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July 13, 2016

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RTI And Open Government: Pillars Of Democracy


- Madhavi Gokhlay, [ ]

rti-and-open-government

The RTI Act aims to provide strong support to democracy and promote good governance. However, it continues to be fraught with problems on both the demand and supply side…

A true democracy implies participation of people which is not possible unless they have information about what is going on in the country, what policies and programmes are being followed, and whether the government is exercising its powers for public good and not private gain. For people to have maximum information about governmental operations, open or transparent government is a prerequisite. Open government and right to information are considered two most important tenets of administrative law today, especially in democracies. Right to information is critical because citizens have a right to know and also because such a right enables them make enlightened choices, keep tabs on elected representatives, and promote action for development.

Surprisingly however, while most democracies have consciously moved away from opaque and secretive administrative systems to more open ones, Right to Information, in its truest sense, continues to elude them, and India is no exception to this reality.

The RTI Act Comes Into Force

In India, for a long time, the Official Secrets Act (1923) enacted during British rule governed disclosure of information held by public authorities. No doubt, the Supreme Court, in various judgements, interpreted the fundamental right embodied in right to freedom of speech and expression and right to life as meaning Right to Information (RTI).

In the mid-90s though, a section of illiterate wage workers in Rajasthan took up cudgels for RTI when the government cheated them of wages due for work done during the famine at the time. The RTI movement, sparked off by this group’s determination to hold the government accountable, spread country-wide, finding resonance in the enactment of Freedom of Information (FOI) Act in late 2002. The movement further received a shot in the arm when the UPA government’s Common Minimum Program (CMP) promised that the RTI Act will be made more progressive, participatory and meaningful. Multiple factors, including pressure from civil society groups, led to the enactment of RTI Act, which came into effect in the country on October 12, 2005. Billed as one of the most empowering and progressive legislations in post-independent India, the RTI Act’s most radical provision was that information could be sought without having to provide any reason for seeking the same.

Implementing The Act: A Logistical Nightmare

The UK took many years to operationalise the RTI Act after enactment, not so India. However, the short timeframe was inadequate to change people’s mindsets, create necessary infrastructure, and build capacity to deliver timely information under the Act. Possibly why implementation of the RTI Act continues to be fraught with problems like lack of public awareness, lack of proper systems to store and disseminate information, a bureaucratic mindset and Public Information Officers (PIOs) proving unequal to the task.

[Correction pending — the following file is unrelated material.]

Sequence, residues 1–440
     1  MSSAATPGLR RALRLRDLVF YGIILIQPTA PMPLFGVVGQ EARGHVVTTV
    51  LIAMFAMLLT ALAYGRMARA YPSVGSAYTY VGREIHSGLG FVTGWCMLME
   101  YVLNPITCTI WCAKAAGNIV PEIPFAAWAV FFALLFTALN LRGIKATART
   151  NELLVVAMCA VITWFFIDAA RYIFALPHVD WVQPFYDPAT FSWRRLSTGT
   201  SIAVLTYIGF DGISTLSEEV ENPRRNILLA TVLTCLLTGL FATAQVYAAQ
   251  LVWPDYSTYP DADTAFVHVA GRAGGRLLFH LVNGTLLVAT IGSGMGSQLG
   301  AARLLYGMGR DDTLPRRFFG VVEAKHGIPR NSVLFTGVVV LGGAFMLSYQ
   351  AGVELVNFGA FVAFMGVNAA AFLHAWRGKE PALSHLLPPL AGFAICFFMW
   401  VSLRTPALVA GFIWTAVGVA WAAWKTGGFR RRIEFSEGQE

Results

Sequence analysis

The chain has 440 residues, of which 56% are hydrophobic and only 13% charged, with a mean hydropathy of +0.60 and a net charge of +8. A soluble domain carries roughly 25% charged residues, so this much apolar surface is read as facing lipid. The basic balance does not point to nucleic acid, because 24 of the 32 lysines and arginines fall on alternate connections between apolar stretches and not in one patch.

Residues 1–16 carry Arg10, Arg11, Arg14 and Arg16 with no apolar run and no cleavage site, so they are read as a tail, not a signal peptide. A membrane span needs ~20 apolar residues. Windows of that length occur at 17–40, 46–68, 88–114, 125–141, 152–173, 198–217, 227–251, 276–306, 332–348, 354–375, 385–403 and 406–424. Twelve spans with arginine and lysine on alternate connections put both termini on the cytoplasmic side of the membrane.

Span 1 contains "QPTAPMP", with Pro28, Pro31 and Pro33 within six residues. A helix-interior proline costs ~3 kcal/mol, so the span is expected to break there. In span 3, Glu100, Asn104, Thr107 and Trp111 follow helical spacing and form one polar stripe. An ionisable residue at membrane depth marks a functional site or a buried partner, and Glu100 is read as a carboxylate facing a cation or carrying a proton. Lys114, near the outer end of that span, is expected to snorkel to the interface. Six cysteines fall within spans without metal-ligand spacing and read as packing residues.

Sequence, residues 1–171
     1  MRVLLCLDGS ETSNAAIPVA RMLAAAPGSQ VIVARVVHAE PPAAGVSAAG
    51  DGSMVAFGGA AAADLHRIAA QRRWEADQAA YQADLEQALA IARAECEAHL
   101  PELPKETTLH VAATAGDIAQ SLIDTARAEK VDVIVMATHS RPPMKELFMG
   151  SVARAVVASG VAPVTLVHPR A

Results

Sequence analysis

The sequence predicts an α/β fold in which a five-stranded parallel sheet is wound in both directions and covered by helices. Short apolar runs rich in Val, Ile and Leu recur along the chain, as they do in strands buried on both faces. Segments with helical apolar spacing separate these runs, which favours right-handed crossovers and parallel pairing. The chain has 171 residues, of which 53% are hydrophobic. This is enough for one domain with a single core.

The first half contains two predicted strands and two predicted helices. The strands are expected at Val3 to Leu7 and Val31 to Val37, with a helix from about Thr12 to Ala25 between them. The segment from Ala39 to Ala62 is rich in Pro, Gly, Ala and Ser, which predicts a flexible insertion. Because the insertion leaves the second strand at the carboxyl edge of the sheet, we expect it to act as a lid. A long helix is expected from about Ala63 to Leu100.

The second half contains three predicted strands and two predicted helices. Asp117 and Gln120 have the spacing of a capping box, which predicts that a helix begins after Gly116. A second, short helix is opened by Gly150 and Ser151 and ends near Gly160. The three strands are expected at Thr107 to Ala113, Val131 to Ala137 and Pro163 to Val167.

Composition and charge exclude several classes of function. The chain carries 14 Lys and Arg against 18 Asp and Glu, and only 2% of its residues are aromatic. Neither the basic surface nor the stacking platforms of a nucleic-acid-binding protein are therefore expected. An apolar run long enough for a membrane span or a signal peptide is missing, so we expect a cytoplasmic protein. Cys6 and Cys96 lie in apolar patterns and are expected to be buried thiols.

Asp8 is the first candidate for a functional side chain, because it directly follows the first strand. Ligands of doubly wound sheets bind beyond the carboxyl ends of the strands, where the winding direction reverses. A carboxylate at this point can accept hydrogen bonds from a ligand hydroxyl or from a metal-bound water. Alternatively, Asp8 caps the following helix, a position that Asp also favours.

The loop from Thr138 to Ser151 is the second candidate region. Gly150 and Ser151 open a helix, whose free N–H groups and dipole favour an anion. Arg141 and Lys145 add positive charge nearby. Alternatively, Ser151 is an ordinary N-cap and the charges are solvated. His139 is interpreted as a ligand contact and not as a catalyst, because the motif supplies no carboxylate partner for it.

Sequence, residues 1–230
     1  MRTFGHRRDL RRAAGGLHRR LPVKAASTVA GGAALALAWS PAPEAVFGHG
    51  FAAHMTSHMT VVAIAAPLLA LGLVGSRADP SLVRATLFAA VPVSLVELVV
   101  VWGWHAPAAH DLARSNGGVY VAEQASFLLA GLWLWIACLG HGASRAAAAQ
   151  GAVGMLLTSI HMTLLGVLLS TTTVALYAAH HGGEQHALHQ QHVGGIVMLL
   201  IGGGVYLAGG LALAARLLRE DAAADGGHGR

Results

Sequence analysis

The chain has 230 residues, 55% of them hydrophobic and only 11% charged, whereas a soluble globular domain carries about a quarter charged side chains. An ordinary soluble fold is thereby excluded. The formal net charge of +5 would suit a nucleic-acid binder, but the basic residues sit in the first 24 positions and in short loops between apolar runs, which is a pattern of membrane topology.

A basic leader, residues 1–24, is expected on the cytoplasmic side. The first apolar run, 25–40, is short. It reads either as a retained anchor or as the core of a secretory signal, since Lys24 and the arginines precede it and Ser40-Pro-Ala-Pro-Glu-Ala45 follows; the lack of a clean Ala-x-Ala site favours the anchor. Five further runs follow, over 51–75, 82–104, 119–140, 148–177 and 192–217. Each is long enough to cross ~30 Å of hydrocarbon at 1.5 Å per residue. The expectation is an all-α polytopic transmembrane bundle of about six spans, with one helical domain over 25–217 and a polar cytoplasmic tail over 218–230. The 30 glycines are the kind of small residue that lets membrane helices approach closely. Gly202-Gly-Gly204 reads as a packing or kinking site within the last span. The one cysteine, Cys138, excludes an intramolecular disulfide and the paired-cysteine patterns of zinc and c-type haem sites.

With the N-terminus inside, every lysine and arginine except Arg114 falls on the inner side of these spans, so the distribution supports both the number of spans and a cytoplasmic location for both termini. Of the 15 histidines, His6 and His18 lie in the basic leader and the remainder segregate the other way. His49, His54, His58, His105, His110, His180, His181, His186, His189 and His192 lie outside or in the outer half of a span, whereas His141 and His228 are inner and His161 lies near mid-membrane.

A survey not so long ago revealed that a mere 15 per cent of the respondents are aware of the Act with sources of awareness being mainly mass media channels like television, newspapers, word-of-mouth etc. The survey also showed that departments concerned have not taken substantial measures to promote the Act, and creating awareness is restricted to publishing rules and FAQs on websites. So much so, citizens are considerably more aware of other government schemes than the RTI Act.

A major problem has been citizens not knowing how to file RTI applications. Even if they do, the process is far from user-friendly. Authorities have failed to make the RTI process easy to understand and execute apart from the fact that there is no guidance in terms of filling out or submitting forms. The submission process too needs to be further simplified.

Lack of qualified, trained PIOs and enabling infrastructure such as a centralised database of RTI applicants, coupled with inadequate/obsolete record management by public authorities and ground-level implementation issues have resulted in a situation where information is hardly ever provided in an efficient and timely manner.

The weakest link has been the Information Commission, which was actually supposed to monitor and review public authorities and initiate action to make them comply with the spirit of the Act.

Reportedly, the Central Information Commission (CIC) will be saddled with over 90,000 pending complaints by the end of this year owing to shortage of staff. Each Information Commissioner has only seven staff members to assist him/ her and is not allowed to hire more employees, even to reduce pendency of complaints. Besides, appeals reach the CIC only after RTI applicants are dissatisfied with response from the departmental information officer and first appellate authority (lower levels).

Many feel that it is not so much the shortage of staff as lack of penalties imposed on erring officials which is the real reason for pendency of complaints.

A Much Misused Act

Apart from the many difficulties in implementing the Act, there have been several instances where the Act has been abused by unscrupulous elements to make a quick buck.

In 2014, a journalist was arrested for extorting money from officials of the LBT department of Navi Mumbai Municipal Corporation (NMMC). In the report published in a leading daily, civic officials said that out of the total RTI applications filed, nearly 80 per cent were filed only to blackmail officials and extort money and engineering and LBT departments were favourites of these so-called activists. The civic officials revealed that many such people had opened offices and started businesses of filing RTIs. After getting necessary information, they usually met the concerned authorities to strike deals worth lakhs of rupees. If the deals did not go through, they even approached the media or higher court with public interest litigations (PILs).